From Roman Civitas to Anglo-Saxon Shire: Topographical Studies on the Formation of Wessex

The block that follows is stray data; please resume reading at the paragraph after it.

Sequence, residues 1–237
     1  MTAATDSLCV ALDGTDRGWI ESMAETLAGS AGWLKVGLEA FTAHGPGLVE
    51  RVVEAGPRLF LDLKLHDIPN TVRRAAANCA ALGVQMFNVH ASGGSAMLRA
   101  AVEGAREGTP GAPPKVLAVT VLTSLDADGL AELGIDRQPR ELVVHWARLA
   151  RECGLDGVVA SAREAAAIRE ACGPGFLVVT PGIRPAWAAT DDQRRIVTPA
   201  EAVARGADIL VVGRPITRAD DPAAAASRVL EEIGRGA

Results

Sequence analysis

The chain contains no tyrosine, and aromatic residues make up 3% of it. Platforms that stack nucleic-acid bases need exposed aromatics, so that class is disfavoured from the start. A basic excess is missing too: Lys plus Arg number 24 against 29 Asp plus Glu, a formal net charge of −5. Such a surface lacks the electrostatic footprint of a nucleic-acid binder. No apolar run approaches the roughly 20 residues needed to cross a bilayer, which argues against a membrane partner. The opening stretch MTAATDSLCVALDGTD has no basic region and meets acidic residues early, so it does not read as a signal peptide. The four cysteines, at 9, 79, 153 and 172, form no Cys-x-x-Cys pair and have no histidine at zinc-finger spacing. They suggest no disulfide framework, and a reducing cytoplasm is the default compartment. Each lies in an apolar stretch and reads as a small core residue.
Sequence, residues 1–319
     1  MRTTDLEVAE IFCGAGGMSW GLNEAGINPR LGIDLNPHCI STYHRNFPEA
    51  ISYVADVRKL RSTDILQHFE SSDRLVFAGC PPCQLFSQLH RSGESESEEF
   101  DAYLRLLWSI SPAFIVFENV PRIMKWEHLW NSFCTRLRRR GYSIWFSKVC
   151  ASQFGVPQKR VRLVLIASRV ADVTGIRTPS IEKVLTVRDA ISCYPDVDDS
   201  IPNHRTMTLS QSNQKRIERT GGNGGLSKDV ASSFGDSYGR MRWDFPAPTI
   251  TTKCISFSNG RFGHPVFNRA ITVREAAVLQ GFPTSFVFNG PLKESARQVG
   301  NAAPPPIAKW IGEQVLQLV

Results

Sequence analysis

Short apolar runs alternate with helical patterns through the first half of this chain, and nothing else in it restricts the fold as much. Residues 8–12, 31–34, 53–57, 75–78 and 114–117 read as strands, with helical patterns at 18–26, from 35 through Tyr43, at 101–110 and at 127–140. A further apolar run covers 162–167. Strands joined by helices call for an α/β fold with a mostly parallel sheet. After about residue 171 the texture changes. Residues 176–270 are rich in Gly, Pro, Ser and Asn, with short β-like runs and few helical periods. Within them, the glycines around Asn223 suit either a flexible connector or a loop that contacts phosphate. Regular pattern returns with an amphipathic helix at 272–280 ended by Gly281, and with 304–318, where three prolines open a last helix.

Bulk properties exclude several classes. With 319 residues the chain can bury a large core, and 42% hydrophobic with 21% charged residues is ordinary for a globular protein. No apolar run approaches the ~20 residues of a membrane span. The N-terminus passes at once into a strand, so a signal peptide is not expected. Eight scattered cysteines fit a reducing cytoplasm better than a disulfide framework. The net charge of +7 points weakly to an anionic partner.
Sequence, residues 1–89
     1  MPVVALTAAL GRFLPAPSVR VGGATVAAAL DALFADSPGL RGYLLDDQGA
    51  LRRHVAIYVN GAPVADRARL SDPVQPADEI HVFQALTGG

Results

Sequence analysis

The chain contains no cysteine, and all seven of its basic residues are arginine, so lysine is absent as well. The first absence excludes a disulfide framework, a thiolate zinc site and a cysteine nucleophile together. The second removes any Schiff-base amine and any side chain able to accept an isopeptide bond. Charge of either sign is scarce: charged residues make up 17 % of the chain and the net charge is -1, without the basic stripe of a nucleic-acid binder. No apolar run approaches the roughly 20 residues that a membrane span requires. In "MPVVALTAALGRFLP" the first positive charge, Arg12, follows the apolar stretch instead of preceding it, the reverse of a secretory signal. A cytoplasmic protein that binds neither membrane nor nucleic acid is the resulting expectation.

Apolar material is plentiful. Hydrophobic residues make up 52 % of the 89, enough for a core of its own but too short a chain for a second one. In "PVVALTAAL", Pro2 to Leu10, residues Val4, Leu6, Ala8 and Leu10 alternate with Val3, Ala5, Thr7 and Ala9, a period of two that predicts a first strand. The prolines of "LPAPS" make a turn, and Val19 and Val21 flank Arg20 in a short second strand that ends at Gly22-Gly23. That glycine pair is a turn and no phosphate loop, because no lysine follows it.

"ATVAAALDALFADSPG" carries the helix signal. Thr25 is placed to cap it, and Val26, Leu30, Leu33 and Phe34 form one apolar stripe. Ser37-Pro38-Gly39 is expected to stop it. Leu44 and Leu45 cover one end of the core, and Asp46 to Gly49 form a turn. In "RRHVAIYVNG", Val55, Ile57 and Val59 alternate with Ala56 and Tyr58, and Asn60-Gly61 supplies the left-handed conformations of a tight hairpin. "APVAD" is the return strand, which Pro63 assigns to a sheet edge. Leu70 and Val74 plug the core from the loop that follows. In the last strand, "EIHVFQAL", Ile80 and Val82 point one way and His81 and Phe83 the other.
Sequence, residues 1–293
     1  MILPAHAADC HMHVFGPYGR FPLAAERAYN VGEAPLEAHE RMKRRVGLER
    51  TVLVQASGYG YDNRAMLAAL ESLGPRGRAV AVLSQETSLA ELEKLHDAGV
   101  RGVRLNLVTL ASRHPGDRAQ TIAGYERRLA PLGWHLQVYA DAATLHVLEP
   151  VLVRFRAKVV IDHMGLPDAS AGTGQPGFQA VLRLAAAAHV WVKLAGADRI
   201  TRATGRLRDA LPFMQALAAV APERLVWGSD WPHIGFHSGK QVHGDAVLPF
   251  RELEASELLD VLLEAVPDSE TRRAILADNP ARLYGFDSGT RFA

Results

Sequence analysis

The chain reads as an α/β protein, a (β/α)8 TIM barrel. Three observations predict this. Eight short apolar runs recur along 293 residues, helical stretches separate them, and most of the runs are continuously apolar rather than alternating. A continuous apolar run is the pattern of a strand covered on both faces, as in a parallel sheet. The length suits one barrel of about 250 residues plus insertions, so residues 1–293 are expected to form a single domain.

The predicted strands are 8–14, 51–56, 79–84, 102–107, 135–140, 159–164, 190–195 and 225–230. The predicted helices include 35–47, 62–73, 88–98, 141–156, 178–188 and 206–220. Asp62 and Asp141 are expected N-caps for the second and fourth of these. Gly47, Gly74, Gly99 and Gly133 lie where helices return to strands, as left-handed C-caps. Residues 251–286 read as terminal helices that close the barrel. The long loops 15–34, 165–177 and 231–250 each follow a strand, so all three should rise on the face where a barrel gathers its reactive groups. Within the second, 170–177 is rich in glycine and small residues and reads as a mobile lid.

This book is the culmination of the author's lifelong interest in the Roman to medieval transition in England and in the analysis of the historic landscape of Wessex. It begins with a focused, referenced, and critical exploration of the thorny, but crucial, issues of post-Roman personal and group identity, employing linguistic, historical, archaeological and toponymical evidence. A series of integrated studies seek to elucidate changes in the territorial organisation of the Wessex landscape, from Somerset to Hampshire, from the Roman period to the emergence of the historic counties. It is shown that the defined limits of the self-governed Roman civitates had a significant impact upon subsequent historical developments, not least on the early English settlements. In eastern Wessex - Berkshire, Hampshire and Wiltshire - the Roman boundaries broke down piecemeal, but continued to influence political developments and patterns of settlement into the seventh century. It is argued that those three counties acquired their medieval and later form only at the time of the Viking wars. In western Wessex, Dorset and Somerset, by contrast, the core of the territories of both the southern and northern Durotriges in the Roman period has persisted until the present day. The book also includes a re-examination of the formation and extent of the kingdom of the Jutes in southern Hampshire and on the Isle of Wight. The chronology, history and archaeology of the fifth century, set alongside the many changes of the later fourth century, and vital to our understanding of the momentous events of that time as Saxon control took hold in the east , are here the subject of a separate, detailed study. Place-names across Wessex with a bearing on the presence of the Britons, and the changing nature and distribution of archaeological sites in the fifth, sixth and seventh centuries, are discussed in their historical context.